Sunday, December 12, 2010

The Natural Life of Malls

Like a school of fish spiraling upwards in ocean currents, Singaporeans in crowds move from basement to rooftop of a suburban shopping mall. Up the escalators from MacDonald's to Cotton On to Best Denki to Food Junction, and then into their cars to drive the long way down the spiral multi-storey carpark exit. All day, every weekend.

I wish we had something more to do with ourselves. But the mall is part of Singaporean life cycle, a gene activated at birth, strong as salmon swimming upstream.

Window shopping mothers (but there are no windows in malls) hoist sleeping newborns into chest carriers, who become howling toddlers in Crocs. Over time they elongate themselves into bespectacled tweens, slopping noisily in slippers beside their parents at the mall's supermarket. Those tweens put on school uniforms, transform into teenagers holding hands at the cinema upstairs. They sit through one forgettable action movie after another, trying to make the hours go slower.

They grow, a little more. The boys in National Service scarf down a last burger at the last mall, before getting on the bus and ferry back to Tekong. The girls say goodbye to them at Burger King, self-conscious fingers tugging down the hems of their short-shorts. As adults they head home from their first jobs, and the train station opens out to a mall where they buy dinner, get haircuts, pay handphone bills and meet friends. On Fridays they go to the malls in town, flourishing their new paychecks at Zara and Forever 21.

Next comes marriage, and a four-year wait for a flat, and babies to push around in prams at the new mall next door. Their children attend creative thinking lessons at the enrichment centres on Level 5 while Mummy and Daddy pick up groceries at the basement NTUC, just like their parents before them. Those parents are now old, the guests of honour at weekend family excursions to the new malls in the city centre. "Leave me here on this bench, I'm tired." "Alright, we'll just walk around for a while more and come back to pick you up for dinner at Crystal Jade, OK?" Better hope grandma doesn't have early onset Alzheimer's: there are enough shoppers to crush an old woman underfoot without anyone knowing.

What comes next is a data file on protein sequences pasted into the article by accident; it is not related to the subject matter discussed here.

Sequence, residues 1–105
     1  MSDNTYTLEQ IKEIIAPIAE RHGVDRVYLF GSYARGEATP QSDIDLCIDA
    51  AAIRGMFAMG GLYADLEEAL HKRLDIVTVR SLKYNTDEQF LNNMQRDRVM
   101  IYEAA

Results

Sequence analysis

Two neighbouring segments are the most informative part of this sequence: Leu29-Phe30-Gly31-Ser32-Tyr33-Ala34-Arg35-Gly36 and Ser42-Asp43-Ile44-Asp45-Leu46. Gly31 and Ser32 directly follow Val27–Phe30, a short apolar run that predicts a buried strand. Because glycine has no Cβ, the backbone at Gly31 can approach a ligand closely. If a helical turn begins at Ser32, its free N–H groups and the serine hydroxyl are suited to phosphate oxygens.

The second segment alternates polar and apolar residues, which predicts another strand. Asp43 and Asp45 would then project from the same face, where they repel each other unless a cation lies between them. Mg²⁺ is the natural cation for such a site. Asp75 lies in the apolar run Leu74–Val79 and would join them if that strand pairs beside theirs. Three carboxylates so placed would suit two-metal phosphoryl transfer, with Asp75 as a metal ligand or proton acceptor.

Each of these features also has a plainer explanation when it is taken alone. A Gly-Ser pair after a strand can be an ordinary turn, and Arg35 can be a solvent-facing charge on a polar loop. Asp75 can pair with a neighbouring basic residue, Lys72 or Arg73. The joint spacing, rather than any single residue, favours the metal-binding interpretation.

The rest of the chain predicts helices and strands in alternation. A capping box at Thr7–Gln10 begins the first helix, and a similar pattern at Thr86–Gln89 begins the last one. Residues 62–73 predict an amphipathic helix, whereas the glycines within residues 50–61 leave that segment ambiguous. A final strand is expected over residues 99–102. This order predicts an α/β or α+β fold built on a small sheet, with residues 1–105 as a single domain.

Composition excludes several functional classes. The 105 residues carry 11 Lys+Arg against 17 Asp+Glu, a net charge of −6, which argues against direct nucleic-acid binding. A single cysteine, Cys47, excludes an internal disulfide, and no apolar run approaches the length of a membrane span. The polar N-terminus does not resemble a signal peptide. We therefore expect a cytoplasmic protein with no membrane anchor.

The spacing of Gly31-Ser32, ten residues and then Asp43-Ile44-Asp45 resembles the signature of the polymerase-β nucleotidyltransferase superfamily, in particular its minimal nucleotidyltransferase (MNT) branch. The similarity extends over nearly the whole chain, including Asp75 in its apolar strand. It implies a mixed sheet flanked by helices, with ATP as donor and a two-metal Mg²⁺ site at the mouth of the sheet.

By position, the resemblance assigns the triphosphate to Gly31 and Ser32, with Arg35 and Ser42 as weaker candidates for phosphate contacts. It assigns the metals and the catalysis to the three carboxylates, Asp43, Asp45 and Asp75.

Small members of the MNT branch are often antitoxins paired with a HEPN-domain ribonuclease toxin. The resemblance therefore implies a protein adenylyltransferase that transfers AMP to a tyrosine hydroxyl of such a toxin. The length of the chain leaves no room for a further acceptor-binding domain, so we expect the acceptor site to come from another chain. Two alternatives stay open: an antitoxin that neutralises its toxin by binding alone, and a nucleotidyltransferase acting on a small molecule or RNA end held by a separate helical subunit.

There should be something more, there is something more - but where is it, and what do we do with it? It can't be bought in a shop, can't be saved up for and paid for on hire-purchase terms. Not priceless; it has no price. It cannot be bought and sold, and so none of us know what it is.

But it is there. Those of us who manage to find the occasional window catch a glimpse of it, flashing past like quicksilver, like bursts of sunlight on water. Like everyone else I am too tired, too distracted to try to catch it, to even ask, "What is it?" Instead I turn my attention in the same direction as the crowd's. Another sale, another opening, another store outlet from overseas. In the malls we flip through menus, try on new jeans, run our hands over the fingerprint-smeared surface of the latest Apple product. We stroll across every level of every mall, schools of shoppers moving in spirals, always stationary.